A diluted alkali-soluble pectin (DASP) fraction, extracted using sodium carbonate, is characterized by a low degree of methylesterification and has the ability to self-organize on mica. The aim of this study was to characterize the cross-linking process of this fraction, extracted from apples, over a wide pH range (3-11) and without the addition of salt. An FT-IR study showed an increase in the intensity of bands connected with νas and νs (COO) and a decrease in the intensity of the band associated with ν (C=O) in the carboxyl group with increasing pH, which indicated the dissociation of the carboxyl groups of galacturonic acid units. An increase in the surface electrical charge of particles in the pH range of 3-7 confirmed this. The value of the average apparent dissociation constant (∼4.60) indicated the acidic character of the DASP fraction. An AFM study showed the morphological changes of the DASP fraction with increasing pH, which allowed for the evaluation of the cross-linking process. This fraction formed a network on mica at pH 4 and 9, while the aggregates were noted mainly at pH 11. For totally ionized carboxyl groups (pH 7), the pectin chains were separated from each other due to the electrostatic repulsion between them.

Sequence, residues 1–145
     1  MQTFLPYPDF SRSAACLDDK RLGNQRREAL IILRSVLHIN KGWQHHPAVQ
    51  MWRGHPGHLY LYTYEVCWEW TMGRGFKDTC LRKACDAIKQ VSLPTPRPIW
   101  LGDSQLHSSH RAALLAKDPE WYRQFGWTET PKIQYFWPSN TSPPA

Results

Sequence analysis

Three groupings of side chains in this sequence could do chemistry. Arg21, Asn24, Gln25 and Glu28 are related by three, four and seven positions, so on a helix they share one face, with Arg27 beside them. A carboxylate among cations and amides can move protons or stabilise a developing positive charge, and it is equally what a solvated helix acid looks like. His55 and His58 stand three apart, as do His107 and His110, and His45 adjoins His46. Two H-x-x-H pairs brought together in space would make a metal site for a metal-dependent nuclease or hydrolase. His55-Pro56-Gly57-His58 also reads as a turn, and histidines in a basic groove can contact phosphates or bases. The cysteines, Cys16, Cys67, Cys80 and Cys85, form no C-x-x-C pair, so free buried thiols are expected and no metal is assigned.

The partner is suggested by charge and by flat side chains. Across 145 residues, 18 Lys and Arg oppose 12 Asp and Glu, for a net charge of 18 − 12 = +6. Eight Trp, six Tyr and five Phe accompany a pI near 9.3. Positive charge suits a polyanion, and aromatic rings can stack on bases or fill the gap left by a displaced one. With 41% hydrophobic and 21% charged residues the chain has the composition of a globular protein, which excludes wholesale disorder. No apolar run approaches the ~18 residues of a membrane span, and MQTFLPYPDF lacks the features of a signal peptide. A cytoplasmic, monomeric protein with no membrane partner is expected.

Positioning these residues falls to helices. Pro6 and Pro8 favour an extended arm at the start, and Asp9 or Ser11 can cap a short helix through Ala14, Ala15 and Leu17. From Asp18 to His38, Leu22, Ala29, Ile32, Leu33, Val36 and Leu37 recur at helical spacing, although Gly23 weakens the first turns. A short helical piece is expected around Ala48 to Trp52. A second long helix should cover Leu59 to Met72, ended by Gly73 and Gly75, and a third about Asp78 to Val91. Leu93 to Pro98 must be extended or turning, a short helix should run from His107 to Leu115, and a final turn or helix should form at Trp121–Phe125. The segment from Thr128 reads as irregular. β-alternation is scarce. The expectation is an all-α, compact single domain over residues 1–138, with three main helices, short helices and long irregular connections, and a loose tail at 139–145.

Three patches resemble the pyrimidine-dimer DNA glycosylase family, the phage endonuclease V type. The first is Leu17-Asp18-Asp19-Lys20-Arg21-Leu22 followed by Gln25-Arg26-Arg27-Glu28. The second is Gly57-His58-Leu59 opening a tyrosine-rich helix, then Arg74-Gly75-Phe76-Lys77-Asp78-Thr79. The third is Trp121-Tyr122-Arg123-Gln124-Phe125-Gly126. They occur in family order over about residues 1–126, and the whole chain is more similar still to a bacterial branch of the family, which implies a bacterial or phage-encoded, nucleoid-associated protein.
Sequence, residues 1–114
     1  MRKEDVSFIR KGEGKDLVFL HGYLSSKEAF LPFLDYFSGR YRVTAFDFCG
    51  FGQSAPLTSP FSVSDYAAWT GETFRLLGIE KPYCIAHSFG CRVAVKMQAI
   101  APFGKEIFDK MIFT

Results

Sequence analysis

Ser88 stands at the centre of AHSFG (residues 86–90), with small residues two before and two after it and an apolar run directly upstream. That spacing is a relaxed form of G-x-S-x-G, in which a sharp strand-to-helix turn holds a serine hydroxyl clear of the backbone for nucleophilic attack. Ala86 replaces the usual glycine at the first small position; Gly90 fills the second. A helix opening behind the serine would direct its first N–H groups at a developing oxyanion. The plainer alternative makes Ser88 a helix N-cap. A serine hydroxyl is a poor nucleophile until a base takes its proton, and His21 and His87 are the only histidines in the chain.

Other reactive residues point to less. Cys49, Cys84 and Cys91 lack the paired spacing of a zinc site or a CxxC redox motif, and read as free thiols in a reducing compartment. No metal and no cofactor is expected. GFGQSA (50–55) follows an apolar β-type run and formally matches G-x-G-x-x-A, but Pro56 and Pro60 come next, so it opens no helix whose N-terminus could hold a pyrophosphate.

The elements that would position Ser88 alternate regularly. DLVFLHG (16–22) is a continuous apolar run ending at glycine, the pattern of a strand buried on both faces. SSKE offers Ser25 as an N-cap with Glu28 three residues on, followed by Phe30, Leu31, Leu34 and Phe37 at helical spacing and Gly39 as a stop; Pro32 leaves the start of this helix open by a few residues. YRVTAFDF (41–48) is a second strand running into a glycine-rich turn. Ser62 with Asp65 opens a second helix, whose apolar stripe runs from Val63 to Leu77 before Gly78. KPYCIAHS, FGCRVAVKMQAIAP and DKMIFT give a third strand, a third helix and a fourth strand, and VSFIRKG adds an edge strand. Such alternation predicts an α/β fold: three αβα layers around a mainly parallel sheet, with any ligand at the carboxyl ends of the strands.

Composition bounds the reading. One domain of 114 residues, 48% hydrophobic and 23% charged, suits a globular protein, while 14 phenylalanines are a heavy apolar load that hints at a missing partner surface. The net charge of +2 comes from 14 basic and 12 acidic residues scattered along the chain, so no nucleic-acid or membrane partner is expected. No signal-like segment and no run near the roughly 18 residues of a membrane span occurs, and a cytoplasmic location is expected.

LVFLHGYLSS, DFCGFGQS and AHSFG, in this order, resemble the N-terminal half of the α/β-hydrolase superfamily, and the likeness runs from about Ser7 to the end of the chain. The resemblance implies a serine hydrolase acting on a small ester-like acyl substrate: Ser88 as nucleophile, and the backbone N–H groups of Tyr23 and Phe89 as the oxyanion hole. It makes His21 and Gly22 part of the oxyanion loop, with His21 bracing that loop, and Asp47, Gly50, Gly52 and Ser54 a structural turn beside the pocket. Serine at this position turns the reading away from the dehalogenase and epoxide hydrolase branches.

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A Bacteroidetes locus dedicated to fungal 1,6-β-glucan degradation: unique substrate conformation drives specificity of the key endo-1,6-β-glucanase.

Temple, M. J., Cuskin, F., Baslé, A., Hickey, N., Speciale, G., Williams, S. J., Gilbert, H. J. & Lowe, E. C. (2017). Journal of Biological Chemistry, jbc-M117.